Add the remaining 2 garlic cloves, crushed, and mix well. (I use gloves for this part.)

Shape into meatballs. If I’m serving them with the Fontina sauce and balsamic drizzle, I make large meatballs, 8-10. However, if I’m using a cheese fondue kit, I make smaller, bite sized meatballs, 24, and serve with an array of veggies for a fun, interactive meal.

Bake 20-25 minutes for larger meatballs, 15 minutes for smaller.

Some Fondue Fruits & Veggies

To make the Fontina sauce, grate the cheese and dust with just enough cornstarch to coat. Heat wine to a simmer, add garlic, then slowly mix in cheese, constantly stirring. You can get creative and add some spices, or keep it simple.

Then, either plate the meatballs, spoon some cheese sauce over them and drizzle with the balsamic glaze, or gather your fondue dippers and have at it!

If you try it, please let me know if you like it!

Check back next Friday for another Foodie Flavor!


Friday’s Flavors: Fork Tender Veal Marsala

Hey, Foodies! Happy Friday!

When talking about restaurants, there are 3 little words I have to say to get it on my husband’s list – “They have veal.” But, invariably, if we try the restaurant, and my husband orders the veal, he complains on the ride home about how tough it was.

It isn’t hard to keep a veal cutlet juicy and fork tender – all it takes is a tiny bit of effort – but that tiny bit of effort is well rewarded and this recipe will even it out because, unlike other veal marsala recipes, you don’t have to cook the meat, remove it, set it aside, keep it warm, cook the mushrooms and sauce, reduce, add the veal back . . . you get the idea. I promise you this method is worth it!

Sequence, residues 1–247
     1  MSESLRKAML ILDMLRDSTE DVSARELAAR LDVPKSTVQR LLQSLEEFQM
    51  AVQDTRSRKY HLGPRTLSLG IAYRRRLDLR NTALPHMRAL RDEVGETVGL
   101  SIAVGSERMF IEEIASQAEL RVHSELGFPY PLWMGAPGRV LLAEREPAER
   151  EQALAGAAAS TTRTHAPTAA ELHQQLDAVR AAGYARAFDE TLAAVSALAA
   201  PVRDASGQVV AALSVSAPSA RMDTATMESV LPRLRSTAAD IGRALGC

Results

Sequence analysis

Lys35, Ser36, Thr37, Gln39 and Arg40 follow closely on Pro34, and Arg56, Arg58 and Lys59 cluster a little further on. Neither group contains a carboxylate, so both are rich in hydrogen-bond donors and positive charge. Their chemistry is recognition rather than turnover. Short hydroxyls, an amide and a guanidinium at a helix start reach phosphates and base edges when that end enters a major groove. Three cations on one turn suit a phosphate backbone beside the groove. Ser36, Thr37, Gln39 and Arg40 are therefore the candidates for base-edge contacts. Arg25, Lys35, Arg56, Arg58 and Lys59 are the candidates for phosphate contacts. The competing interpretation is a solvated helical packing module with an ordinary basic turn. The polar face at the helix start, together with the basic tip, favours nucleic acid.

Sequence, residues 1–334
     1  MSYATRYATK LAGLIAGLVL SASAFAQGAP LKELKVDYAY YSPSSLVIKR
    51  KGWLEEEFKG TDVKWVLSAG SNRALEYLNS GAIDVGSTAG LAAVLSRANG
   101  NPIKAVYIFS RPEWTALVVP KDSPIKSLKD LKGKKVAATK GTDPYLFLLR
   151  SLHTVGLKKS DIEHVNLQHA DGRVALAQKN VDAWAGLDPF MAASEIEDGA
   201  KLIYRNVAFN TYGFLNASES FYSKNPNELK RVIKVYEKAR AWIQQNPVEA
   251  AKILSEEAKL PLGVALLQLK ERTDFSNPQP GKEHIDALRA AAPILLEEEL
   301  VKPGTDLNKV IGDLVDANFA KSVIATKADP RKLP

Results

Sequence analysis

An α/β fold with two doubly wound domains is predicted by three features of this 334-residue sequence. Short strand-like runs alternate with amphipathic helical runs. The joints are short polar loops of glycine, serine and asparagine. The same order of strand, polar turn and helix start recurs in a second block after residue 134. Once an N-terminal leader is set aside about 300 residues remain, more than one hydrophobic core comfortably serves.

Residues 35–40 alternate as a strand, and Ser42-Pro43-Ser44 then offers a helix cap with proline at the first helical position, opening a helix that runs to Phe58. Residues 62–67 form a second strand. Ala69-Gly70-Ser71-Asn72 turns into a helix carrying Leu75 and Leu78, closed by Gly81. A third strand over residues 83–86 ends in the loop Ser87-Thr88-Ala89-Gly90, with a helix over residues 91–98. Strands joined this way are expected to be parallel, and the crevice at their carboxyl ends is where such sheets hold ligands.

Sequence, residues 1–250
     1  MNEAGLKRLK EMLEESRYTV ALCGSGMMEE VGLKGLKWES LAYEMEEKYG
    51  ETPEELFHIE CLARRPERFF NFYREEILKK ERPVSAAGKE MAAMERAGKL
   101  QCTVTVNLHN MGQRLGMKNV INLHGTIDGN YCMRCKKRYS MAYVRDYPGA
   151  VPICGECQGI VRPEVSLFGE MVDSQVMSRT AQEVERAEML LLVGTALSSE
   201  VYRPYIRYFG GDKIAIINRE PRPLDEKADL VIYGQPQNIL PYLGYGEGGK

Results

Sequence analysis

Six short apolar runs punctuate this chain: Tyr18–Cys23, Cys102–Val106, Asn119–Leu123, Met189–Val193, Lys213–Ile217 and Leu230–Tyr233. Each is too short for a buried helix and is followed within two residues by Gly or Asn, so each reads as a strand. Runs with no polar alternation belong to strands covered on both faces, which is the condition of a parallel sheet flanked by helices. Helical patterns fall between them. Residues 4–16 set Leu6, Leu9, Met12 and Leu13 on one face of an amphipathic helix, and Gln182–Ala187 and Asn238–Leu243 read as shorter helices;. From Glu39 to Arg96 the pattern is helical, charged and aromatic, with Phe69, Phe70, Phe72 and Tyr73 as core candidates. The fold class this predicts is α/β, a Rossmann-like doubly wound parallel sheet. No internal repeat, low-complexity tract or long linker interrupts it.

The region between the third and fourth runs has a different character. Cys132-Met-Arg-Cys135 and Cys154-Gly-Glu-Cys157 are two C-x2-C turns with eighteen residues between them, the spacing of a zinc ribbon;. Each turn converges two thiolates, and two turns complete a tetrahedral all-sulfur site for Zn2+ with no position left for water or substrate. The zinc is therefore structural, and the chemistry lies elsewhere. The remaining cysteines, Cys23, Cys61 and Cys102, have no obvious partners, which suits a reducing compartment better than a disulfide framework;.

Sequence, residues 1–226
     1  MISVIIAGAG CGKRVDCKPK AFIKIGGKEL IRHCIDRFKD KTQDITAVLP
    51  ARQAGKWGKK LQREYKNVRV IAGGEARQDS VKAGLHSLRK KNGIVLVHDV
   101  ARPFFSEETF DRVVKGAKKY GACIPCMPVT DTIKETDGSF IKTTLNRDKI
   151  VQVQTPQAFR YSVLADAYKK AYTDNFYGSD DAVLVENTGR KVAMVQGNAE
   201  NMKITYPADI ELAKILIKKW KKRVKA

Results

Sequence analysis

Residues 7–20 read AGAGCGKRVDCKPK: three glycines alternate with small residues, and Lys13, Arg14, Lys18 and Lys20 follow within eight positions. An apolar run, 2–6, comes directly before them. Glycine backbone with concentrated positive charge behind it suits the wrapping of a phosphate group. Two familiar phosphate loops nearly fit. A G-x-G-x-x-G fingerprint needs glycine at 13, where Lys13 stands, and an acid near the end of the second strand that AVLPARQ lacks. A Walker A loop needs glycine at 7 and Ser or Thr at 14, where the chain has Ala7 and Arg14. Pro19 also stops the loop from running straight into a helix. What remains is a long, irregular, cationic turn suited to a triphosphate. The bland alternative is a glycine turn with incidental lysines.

Ingredients:

veal cutlets, 1-2 pounds

fresh, whole Portobello mushrooms

2 large shallots

5 cloves garlic

olive oil

Marsala wine or Cream Sherry

flour seasoned with garlic powder, onion powder, garlic salt, pepper, dried basil and dried tarragon

*** A frying or braising pan with a tight fitting lid. ***

Preparation:

Don’t wash your mushrooms! Clean with a dry brush or with a paper towel, removing all dirt and loose matter. Slice. Chop your shallots and peel your garlic.

Season your flour, mixing well. You want to be able to see the seasonings.

Using the business end of a meat mallet, beat the cutlet, flip, beat again, flip, and beat again for a total of 3 times, working from one end to the other.

Heat enough oil to cover the bottom of your pan, then add a splash more.

Add shallots to the pan, mix with the oil, then push them to the edges of the pan.

Dredge your beaten veal cutlets in the flour, coating both sides (no egg wash necessary), then add to the pan. Don’t worry about overcrowding the veal, it shrinks and there will be plenty of time for it to cook thoroughly.

Top with your sliced mushrooms, crushed garlic, a bit of tarragon and enough wine to come halfway up the veal cutlets. Cover and simmer for 5 minutes.

Remove cover, flip, making sure your mushrooms are now in the wine, stir your shallots, and replace cover. Simmer for another 10-15 minutes, depending on the size of your cutlets. Usually, by this time, the wine has reduced to a nice, thick sauce absorbed by the mushrooms and meat, but if necessary, remove the lid and cook down.

And that’s it! Plate your veal and top with your mushrooms, shallots, and sauce!

If you try it, please let me know if you like it!

Check back next Friday for another Foodie Flavor!